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Examining Gold, Silver ETFs Ahead Of A December Rate Hike

September 26, 2016 11:18 am
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Precious metals and the relevant exchange-traded funds, such as the SPDR Gold Trust (ETF) (NYSE: GLD) and the iShares Silver Trust (ETF) (NYSE: SLV), were spared the drama and subsequent negative outcome of higher interest rates when the Federal Reserve stood pat again following its meeting last week.

Well, the drama was shelved for one month at least. There is a growing chorus within the Fed pushing for a rate hike this year. Although one rate hike of 25 basis points is not epic by any stretch, the near-term reaction is likely to negative for gold and silver, which are historically inversely correlated to U.S. interest rates.

A Look Back

Historical data confirm that over the last 45 years, gold performs well when the dollar languishes, is solid when the dollar is flat and loses ground when the greenback gains momentum. There are reasons this relationship exists.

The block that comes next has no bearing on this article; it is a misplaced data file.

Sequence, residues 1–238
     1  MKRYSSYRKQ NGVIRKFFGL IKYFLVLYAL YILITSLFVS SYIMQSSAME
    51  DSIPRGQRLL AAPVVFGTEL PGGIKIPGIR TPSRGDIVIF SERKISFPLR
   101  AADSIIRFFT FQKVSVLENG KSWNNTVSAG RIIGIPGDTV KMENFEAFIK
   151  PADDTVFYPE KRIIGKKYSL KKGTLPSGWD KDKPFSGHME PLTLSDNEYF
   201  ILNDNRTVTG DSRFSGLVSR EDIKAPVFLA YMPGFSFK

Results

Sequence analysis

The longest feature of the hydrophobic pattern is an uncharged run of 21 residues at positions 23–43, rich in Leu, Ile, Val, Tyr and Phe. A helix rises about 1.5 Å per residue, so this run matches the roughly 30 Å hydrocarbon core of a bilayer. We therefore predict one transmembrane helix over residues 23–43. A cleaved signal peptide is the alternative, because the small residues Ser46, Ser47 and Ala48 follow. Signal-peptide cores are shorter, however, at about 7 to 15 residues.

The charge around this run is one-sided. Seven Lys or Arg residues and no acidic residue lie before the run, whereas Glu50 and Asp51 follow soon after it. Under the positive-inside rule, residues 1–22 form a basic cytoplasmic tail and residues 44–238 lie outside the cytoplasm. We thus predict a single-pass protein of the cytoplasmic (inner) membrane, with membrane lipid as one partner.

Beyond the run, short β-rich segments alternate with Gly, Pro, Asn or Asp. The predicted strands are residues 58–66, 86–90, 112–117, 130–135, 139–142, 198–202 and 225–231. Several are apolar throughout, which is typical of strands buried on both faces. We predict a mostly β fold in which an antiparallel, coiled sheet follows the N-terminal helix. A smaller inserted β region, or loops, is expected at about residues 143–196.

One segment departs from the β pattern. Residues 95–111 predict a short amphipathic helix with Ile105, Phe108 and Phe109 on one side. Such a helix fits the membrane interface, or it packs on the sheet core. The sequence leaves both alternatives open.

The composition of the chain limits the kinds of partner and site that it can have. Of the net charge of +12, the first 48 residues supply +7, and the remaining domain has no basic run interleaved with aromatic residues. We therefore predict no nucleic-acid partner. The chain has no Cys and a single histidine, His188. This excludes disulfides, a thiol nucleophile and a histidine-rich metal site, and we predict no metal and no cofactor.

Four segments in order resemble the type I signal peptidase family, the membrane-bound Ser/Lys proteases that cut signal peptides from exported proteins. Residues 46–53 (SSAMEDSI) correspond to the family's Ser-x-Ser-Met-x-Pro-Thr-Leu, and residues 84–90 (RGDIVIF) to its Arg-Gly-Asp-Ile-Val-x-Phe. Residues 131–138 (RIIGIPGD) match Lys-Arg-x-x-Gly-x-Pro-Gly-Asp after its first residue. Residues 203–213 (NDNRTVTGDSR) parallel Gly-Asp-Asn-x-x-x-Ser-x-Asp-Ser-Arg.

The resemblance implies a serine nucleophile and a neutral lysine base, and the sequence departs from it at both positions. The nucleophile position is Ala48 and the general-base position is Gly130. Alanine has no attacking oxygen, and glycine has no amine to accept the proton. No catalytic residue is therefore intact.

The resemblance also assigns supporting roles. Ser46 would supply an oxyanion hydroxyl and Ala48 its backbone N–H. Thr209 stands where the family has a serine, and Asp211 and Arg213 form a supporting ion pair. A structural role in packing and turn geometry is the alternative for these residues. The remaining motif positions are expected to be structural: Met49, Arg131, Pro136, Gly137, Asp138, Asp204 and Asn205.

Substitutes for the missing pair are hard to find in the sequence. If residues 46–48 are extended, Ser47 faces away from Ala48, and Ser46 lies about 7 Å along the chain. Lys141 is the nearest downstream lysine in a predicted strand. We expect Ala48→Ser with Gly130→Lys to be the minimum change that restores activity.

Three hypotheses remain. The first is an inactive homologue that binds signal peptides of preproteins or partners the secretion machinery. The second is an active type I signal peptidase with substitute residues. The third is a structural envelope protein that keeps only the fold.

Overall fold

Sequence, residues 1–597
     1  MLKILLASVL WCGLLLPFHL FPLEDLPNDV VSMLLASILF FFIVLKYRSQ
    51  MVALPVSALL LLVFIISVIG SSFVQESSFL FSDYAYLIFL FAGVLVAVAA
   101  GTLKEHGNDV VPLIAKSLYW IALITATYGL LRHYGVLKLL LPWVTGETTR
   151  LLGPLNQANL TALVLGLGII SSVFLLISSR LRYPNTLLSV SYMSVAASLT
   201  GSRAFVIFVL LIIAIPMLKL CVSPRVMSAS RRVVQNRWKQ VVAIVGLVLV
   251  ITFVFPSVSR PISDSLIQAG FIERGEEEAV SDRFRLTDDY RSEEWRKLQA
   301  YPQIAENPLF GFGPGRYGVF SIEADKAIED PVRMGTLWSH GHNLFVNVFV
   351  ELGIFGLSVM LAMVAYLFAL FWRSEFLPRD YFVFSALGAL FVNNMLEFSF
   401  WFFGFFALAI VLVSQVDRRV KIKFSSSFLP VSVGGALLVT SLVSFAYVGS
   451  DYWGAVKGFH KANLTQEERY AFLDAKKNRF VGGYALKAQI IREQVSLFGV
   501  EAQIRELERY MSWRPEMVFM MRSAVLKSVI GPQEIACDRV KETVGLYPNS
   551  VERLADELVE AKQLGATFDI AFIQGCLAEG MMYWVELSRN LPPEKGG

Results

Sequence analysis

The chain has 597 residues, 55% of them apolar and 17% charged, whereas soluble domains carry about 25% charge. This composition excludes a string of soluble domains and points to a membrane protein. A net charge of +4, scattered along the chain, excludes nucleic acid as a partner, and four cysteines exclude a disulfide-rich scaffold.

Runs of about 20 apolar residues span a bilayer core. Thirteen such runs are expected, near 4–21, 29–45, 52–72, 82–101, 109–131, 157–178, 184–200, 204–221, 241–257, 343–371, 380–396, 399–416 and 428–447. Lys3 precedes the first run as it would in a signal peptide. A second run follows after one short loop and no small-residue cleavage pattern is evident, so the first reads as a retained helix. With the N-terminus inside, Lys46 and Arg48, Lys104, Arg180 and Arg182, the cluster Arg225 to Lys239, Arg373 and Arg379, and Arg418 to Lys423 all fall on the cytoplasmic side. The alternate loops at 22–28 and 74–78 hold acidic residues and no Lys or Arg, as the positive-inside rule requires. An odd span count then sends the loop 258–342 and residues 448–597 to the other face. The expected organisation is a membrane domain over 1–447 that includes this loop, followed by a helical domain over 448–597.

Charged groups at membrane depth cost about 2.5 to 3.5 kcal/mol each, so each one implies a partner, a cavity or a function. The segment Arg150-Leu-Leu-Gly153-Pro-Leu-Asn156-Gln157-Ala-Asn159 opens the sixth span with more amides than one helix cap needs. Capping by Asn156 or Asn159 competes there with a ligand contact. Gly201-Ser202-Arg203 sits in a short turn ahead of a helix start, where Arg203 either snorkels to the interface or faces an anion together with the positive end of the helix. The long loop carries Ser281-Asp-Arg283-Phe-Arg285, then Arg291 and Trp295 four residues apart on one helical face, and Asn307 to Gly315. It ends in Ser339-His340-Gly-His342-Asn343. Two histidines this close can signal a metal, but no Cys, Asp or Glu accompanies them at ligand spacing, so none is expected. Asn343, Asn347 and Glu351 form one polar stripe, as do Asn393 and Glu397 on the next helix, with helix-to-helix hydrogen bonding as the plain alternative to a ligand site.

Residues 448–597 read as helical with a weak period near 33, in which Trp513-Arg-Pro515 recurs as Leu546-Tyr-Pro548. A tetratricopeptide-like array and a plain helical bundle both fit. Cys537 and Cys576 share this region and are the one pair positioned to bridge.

Related Link: Put A Shine On These New Silver ETFs

“Gold appears to be more sensitive to changes in interest rate policy than silver. This is probably because gold is the more truly precious of the two — it is widely used in investment and in jewelry, which can also be seen as an investment,” said S&P Dow Jones Indices in a recent note. “While silver is also used in investment and in jewelry, it is more widely used in industrial and other applications. The reason why gold and silver prices react negatively to higher interest rates may be simple. The metals do not pay interest. As such, higher interest rates tend to make fiat currencies like the U.S. dollar appear more attractive to investors than gold or silver.”

A Look Ahead

Further boosting the case for gold is weak earnings growth in the United States and low and negative yields on sovereign debt throughout the developed world. Said another way, even a couple of rate hikes here in the United States would not be long-term damaging to gold and there are still plenty of developed and emerging economies poised to continue paring borrowing costs, not to mention the many developed nations with negative interest rates.

A traditional reason for embracing gold is its low correlation to other assets, such as stocks and bonds, but investors should still be mindful of periodic increases in those correlations.

“Inflation has been subdued in part as a result of falling energy prices but this won’t last forever, and the core rate of inflation has been perking up. As such, our view is that the Fed will gradually adjust interest rates higher, and that the boost gold and silver prices got from diminished expectations for a rate hike is mainly behind them,” according to S&P Dow Jones Indices.

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